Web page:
The following list of measures was used in one or more of the surveys (Table 3).

l Baseline assessment included sociodemographic questions from the General Practice Patient Survey,56 including sex, age, work situation and qualifications; ethnicity using 17 2011 Census categories;57 a single-item health literacy measure;58a measure of the number and impact of long-term conditions;59 and use of local community assets.60

l The Patient Assessment of Chronic Illness Care (PACIC),61which includes items in five subscales (patient activation, delivery system design and decision support, goal-setting, problem-solving, and co-ordination); we used the short 11-item version.62

l The Patient Activation Measure (PAM) of patient knowledge, skills and confidence in self-management for long-term conditions;54,63we used the short 13-item version.64

l The Summary of Diabetes Self-Care Activities (SDSCA) measure assesses the number of days per week on which respondents engage in healthy and unhealthy behaviours.65

l The Multimorbidity Illness Perceptions Scale (MULTIPleS) assesses patient experience of managing multimorbidity;66we used 16 items from the MULTIPleS.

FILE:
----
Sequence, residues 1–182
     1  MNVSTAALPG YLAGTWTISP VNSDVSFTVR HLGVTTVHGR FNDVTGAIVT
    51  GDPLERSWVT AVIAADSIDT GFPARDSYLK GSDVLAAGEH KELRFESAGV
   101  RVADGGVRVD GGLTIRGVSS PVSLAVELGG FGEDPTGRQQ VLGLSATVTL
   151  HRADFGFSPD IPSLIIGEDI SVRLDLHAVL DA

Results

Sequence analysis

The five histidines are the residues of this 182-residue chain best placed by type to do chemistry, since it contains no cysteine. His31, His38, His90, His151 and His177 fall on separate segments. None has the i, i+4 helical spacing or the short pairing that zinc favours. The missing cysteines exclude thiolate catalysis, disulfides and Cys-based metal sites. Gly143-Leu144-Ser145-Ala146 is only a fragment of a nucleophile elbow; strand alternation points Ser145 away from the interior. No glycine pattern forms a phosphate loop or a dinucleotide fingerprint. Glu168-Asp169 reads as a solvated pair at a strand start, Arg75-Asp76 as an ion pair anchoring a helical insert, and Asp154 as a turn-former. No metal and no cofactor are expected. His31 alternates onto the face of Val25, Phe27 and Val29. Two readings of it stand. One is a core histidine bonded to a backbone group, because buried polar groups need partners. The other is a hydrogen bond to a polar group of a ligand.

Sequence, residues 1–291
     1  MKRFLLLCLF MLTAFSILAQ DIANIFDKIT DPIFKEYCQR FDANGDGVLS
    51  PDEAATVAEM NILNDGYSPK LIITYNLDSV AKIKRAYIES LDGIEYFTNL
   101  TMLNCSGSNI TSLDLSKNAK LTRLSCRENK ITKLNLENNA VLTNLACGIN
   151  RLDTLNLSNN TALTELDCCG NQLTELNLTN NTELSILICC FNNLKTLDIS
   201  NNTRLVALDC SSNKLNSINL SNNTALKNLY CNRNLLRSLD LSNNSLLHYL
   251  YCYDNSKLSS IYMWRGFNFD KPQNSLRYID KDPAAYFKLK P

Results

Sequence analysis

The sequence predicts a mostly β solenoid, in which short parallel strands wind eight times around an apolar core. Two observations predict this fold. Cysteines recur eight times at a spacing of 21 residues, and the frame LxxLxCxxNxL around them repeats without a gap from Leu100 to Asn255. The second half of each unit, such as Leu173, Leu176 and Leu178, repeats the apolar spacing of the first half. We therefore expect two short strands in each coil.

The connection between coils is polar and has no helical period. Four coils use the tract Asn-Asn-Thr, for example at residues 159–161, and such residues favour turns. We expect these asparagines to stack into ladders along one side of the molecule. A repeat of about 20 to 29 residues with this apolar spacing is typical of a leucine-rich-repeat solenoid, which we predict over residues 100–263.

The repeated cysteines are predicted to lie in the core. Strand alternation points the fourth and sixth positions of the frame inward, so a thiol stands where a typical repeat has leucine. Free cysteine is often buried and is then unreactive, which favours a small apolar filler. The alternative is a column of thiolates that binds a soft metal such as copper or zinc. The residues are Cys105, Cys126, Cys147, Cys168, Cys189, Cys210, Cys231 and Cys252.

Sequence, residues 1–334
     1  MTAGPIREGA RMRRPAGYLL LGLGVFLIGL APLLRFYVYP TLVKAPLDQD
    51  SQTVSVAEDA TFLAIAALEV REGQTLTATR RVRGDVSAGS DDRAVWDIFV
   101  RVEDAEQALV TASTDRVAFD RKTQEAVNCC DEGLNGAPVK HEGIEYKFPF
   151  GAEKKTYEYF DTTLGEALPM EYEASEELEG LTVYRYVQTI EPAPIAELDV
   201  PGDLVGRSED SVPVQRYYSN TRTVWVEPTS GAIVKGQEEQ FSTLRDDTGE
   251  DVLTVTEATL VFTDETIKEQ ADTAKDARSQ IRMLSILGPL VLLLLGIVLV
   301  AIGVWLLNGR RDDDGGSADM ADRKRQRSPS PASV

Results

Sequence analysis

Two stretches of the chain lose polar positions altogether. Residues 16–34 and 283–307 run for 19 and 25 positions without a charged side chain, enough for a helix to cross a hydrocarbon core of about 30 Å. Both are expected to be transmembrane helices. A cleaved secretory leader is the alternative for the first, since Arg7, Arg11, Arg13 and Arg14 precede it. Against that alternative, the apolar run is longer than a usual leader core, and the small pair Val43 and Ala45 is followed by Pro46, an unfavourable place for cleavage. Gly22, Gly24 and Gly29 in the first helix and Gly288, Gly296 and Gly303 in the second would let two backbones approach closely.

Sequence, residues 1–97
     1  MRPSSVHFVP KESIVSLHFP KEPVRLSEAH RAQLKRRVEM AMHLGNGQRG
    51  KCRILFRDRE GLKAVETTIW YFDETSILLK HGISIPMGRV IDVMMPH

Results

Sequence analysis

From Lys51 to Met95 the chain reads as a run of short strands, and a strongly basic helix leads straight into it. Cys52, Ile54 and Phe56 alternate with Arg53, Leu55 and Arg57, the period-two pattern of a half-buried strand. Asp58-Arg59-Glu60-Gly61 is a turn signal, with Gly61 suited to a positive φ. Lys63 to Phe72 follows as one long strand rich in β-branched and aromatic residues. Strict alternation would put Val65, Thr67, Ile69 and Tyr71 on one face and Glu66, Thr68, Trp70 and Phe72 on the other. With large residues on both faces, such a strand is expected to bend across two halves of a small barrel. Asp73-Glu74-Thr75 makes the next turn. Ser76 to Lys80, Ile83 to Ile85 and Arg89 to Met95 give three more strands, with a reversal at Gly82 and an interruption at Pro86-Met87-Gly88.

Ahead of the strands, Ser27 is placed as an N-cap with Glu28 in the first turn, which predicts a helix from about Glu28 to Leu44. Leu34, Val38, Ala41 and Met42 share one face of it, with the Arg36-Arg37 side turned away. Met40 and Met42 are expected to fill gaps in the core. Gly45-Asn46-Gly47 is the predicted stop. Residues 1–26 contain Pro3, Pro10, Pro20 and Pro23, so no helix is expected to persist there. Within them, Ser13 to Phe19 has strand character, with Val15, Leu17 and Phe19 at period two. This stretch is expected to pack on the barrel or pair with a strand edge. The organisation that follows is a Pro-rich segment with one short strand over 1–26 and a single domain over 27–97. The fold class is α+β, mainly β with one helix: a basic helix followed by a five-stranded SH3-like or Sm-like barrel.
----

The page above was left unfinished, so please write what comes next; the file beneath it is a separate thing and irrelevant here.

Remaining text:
l The Quality, Innovation, Productivity and Prevention (QIPP) measure of personalised long-term condition care.67

l The ENRICHD Social Support Instrument (ESSI).68

l The EuroQol-5 Dimensions (EQ-5D) measure of health-related quality of life;69we used the new EuroQol-5 Dimensions, five-level version (EQ-5D-5L).70

l The Mental Health Inventory–5 (MHI-5) is a five-item scale that measures general mental health.71 l The ICEpop CAPability measure for Older people (ICECAP-O) index of capability measures quality of life

for people aged≥65 years in terms of attachment, security, role, enjoyment and control.72

l The World Health Organization Quality of Life-BREF (WHOQOL-BREF) 26-item measure of global quality of life across four domains (physical health, psychological health, social relationships and environmental), as well as a single-item scale.73

l Health-care utilisation, based on our previous studies;74continuity of care and care planning from the General Practice Patient Survey;56and patient experience of safety from the ICPs evaluation.

l We also used single-item measures assessing other issues, including items assessing issues of interest to stakeholders (e.g. internet use and accommodation).

We used a short assessment for carers, including EQ-5D, Patient Health Questionnaire-9 items, ICECAP-O and the Modified Caregiver Strain Index.75Carer data are presented inAppendix 1.